Math 366 - Numerical Analysis
Spring Semester, 1997-98
Go straight to the course syllabus.
One of the best definitions of numerical analysis appeared several years
ago in SIAM News. In a commentary, Lloyd N. Trefethen defined
numerical analysis as "the study of algorithms for the problems of
continuous mathematics." Thus, in view of this definition, a
numerical analyst is a mathematician who develops, analyzes, and
evaluates algorithms for obtaining (approximate) solutions to
Numerical analysis has evolved to the point where it is regarded as a
branch of mathematics in its own right, but it has strong roots and ties
to the applications of mathematics and the development of computer science
and technology. It involves applying the power of mathematics and the
power of the computer to solving quantitative problems in science and
The picture shown is a collage of several spectacular graphics obtained from the Mathematica Graphics Gallery.
- Meeting time: TTh 10:00-11:15
- Meeting room: Glatfelter 203
OFFICE AND OFFICE HOURS:
- Office: Glatfelter 215A
- Office hours: MWF 9:00-10:50 and by appointment
TELEPHONE NUMBER AND E-MAIL:
- Telephone: 337-6630
- E-mail: email@example.com
- WWW page: http://www.gettysburg.edu/~jfink/courses/ma366.html
- Class e-mail alias: firstname.lastname@example.org
- Exam 1: Thursday, February 26
- Exam 2: Thursday, April 9
- Final Exam: Wednesday, May 6, 1:30-4:30 PM
- Second-semester calculus and linear algebra (Math 112 and 212) with C grades or better and basic computer programming
- Numerical Methods for Mathematics, Science, and Engineering by John H. Mathews, second edition
- Your grade will be determined by your scores on the following:
- team homework and quizzes (30%);
- two exams (15% each);
- final exam (30%);
- class attendance and participation; attendance at three or more department colloquia and other designated special events (10%).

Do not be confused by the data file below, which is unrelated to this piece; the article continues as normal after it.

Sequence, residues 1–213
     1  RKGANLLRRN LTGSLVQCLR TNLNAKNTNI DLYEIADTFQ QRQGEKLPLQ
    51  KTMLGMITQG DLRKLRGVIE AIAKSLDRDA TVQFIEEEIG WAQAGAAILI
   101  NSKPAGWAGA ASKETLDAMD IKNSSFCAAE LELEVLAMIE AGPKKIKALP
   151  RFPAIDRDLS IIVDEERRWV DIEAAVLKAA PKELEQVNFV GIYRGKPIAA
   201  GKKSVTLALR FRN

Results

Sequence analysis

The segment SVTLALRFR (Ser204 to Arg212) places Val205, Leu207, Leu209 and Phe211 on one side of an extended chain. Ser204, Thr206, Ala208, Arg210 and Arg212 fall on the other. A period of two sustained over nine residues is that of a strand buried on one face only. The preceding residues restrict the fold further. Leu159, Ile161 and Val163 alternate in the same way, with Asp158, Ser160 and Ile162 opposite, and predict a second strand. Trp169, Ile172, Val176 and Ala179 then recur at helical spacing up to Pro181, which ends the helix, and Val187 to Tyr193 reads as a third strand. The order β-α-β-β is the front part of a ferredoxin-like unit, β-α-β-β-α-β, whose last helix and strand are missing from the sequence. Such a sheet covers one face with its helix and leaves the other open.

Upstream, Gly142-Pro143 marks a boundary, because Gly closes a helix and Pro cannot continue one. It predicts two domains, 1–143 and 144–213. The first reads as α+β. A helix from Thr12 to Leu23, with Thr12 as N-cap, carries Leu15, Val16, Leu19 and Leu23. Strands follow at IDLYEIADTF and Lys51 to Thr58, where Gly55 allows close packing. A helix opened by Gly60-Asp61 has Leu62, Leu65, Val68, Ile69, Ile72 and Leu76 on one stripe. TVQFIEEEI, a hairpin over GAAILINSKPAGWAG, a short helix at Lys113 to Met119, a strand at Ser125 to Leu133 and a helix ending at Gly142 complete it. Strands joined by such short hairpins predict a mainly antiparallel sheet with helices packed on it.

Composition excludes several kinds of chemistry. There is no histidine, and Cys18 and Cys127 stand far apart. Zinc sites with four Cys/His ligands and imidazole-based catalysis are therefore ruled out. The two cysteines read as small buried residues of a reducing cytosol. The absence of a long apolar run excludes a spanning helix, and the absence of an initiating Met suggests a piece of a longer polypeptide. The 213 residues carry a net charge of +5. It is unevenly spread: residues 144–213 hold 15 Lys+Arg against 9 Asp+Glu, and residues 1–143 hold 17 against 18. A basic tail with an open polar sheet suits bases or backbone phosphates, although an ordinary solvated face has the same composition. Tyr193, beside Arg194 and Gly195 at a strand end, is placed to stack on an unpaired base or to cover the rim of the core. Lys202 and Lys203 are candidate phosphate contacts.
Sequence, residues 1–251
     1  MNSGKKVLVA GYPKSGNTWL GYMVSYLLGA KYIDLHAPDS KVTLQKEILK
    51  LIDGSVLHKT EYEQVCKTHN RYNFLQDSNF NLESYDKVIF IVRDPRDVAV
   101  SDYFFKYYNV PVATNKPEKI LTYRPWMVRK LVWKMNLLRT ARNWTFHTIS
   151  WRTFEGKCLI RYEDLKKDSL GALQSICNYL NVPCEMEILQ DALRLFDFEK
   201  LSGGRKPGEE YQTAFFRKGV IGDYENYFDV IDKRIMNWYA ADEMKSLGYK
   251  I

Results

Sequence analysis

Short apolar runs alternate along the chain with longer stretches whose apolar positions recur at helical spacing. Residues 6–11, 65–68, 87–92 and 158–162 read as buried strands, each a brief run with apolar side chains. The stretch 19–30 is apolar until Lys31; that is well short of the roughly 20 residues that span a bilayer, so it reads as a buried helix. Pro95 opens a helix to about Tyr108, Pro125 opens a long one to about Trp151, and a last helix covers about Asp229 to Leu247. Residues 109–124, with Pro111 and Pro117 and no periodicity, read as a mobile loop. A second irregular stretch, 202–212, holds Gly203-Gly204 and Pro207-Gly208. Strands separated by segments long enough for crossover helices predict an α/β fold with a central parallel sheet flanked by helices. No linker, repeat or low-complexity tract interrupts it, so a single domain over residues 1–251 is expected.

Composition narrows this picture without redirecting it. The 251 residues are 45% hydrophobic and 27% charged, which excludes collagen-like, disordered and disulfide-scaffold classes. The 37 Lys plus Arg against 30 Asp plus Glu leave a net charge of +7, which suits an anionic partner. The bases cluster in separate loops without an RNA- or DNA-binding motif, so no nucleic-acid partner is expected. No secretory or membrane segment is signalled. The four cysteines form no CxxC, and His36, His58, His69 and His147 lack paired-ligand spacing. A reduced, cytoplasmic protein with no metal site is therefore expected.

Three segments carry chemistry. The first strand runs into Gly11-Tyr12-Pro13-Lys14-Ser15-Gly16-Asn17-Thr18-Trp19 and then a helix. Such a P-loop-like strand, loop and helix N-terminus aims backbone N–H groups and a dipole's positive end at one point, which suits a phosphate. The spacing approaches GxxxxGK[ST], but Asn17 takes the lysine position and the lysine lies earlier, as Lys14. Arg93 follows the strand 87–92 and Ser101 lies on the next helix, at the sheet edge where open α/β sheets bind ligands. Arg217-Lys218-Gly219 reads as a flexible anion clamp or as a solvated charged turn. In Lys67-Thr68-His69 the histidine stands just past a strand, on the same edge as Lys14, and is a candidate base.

- ***There will be no make-up exams, and late work will not be accepted.***
- Read the textbook! Assigned readings should be done before class so that you will have some familiarity with the new material when it is discussed in class.
- Working problems is essential for an understanding of the material, and there is an adequate supply of problems in the textbook.
- Homework will be assigned, collected, and graded. It is due at the beginning of class. As noted under GRADING POLICY, late homework will not be accepted.
- Assignments may include material that will not be discussed in class. You are expected to learn this material on your own and to make use of the resources available to you to complete the assignments.
- Homework will be completed by teams of three people with each team producing a single write-up.
- Homework must be written neatly in standard English with complete sentences using standard 8-1/2 by 11 paper (no ragged edges) in a style appropriate to the subject. Express yourself clearly and concisely. Do not write to me. Assume instead that you are writing to other students in the class.
- Grading will be based both on mathematical content and on the quality of your write-up. NEATNESS COUNTS! Show all work necessary to justify your solutions. Answers alone are not sufficient.
- The computer software we will use this semester includes: